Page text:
Lesson 5: Carbon in the Biosphere


You've been studying the carbon cycle and how this relates to climate. In the last activity, the CO2 spike model showed you one way that scientists study how climate responds to greenhouse gases like CO2. You also investigated CO2 moving between air and water. This was a good model for the ocean and atmosphere. The color change of the BTB indicator helped you see that.

In Lesson 2, you saw in the carbon cycle game that the biosphere was part of the carbon cycle. The biosphere is plants and animals — including organisms like you! But you didn't really look at how or why the carbon moved between the atmosphere and the biosphere. That's the topic of this lesson. It will include some words that might be new to you. The big ideas of Lesson 5 are:

5a. Do You Have Carbon Breath?!

In Lesson 2 you used BTB indicator to "see" whether carbon was moving in or out of water. You know carbon is in your body, but what about your breath? Listen to your teacher regarding an activity that you will do in a team.

  1. Set-up for the investigation with these steps.
    1. Get one test tube or small beaker for your team. Get 1 straw per person.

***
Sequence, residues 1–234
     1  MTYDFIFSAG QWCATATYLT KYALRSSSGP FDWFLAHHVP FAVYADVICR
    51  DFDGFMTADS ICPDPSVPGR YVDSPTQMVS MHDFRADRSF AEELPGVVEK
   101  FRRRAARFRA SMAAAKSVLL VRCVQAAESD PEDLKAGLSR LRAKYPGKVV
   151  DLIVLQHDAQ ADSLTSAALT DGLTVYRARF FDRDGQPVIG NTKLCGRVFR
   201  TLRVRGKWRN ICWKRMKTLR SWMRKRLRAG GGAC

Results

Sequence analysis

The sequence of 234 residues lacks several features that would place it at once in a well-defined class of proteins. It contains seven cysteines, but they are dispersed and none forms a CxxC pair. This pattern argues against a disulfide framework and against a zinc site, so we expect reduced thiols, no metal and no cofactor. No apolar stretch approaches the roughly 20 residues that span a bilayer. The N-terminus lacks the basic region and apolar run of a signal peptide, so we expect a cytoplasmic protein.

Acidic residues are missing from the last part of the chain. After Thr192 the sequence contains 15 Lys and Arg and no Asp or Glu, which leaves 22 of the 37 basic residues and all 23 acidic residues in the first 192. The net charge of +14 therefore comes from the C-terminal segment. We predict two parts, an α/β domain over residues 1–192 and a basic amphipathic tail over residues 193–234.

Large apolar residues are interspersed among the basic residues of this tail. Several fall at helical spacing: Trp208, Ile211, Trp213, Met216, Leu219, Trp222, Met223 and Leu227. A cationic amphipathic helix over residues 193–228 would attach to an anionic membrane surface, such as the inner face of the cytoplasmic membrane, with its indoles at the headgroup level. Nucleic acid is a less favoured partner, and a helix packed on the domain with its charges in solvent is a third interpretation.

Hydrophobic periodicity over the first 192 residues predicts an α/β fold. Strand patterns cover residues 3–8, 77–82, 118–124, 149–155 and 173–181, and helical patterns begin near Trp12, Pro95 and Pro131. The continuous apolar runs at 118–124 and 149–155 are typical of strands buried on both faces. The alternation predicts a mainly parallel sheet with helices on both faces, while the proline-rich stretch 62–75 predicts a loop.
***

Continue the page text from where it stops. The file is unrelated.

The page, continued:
2. Your teacher will have a container with water and BTB solution. It should be bright blue. Have one person on your team add about 2 inches of solution in your container.
    3. Gently swirl the blue solution with one end of your straw. Without splashing gently mix in some air.
    4. Did you see any changes with the stirring? Write in your notebook what you saw.
  2. Select one person in your team. You need to test whether they have "carbon-breath." Have them gently blow through the straw into the solution. What do you observe?
  3. The table below summarizes carbon movement from lesson 2. From that table, what do you think happened in step 2 above?
Experiment Color change Carbon movement
Seltzer water Yellow → blue (or blue'ish green) Carbon out of water
Dry ice (solid CO2) above water Blue → yellow Carbon in to water
  1. Did your team observe this?
    • No color change when gently stirring in air
    • Yes, color change when teammate breathed into the solution.

If you got the result above, try to explain this as a team: the air that you breathe out (exhale) has more carbon than the air that you breathe in (inhale). How can that be? How can your breath have more carbon than the air you just breathed in?

5b. Photosynthesis and Respiration

You've been learning that CO2 relates to climate change. To counter that, perhaps you've heard someone say, "Plant a tree!" To understand this better, look at the picture of a pinyon pine seed. Then look at the grown pine tree. The mass of the tree is much greater than the seed. How does the tree gain mass and get large?

Seed and Tree

Very little of the tree comes from soil. The mass actually comes from CO2 in the air. Though it doesn't seem like CO2 gas can produce a tree, it does! Photosynthesis is the process where plants use carbon dioxide (CO2), water (H2O), and sunlight (Energy) to make glucose (C6H12O6) and oxygen (O2). Next, the plant uses glucose from the reaction to make the cells and tissues of bark, wood, or pine needles. The reaction is shown as:

Photosynthesis: 6CO2 + 6H2O + Energy → C6H12O6 + 6O2